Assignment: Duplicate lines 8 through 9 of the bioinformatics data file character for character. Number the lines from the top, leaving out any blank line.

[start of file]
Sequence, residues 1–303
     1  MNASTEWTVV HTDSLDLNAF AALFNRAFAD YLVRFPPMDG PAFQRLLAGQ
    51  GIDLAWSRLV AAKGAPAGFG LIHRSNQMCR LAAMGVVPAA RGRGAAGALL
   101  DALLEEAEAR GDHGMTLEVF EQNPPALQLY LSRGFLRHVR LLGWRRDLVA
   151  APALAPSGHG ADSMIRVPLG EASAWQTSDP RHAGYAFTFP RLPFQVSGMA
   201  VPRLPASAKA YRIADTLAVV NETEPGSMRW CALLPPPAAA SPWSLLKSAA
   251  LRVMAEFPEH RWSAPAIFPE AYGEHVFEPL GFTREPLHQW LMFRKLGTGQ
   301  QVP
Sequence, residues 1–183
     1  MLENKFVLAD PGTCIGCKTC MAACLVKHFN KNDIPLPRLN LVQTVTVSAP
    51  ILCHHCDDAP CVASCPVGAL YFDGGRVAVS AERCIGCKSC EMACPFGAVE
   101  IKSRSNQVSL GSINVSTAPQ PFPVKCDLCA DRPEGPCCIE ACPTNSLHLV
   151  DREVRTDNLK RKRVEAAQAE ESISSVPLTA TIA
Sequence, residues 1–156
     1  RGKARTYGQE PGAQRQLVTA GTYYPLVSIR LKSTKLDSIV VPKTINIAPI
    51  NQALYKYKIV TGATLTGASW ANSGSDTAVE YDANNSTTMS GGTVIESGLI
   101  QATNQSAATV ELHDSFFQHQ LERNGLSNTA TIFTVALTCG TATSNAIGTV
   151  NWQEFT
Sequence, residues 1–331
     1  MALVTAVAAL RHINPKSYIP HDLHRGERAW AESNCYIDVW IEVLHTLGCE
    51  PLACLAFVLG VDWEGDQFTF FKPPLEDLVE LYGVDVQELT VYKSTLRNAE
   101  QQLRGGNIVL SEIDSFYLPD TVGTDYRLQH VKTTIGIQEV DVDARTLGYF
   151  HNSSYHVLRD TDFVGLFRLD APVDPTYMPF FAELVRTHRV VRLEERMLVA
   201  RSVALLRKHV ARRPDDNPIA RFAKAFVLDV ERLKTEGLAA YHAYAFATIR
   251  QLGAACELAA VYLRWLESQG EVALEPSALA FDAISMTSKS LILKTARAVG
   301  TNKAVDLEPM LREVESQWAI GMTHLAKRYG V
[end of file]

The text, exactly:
   301  QVP
Sequence, residues 1–183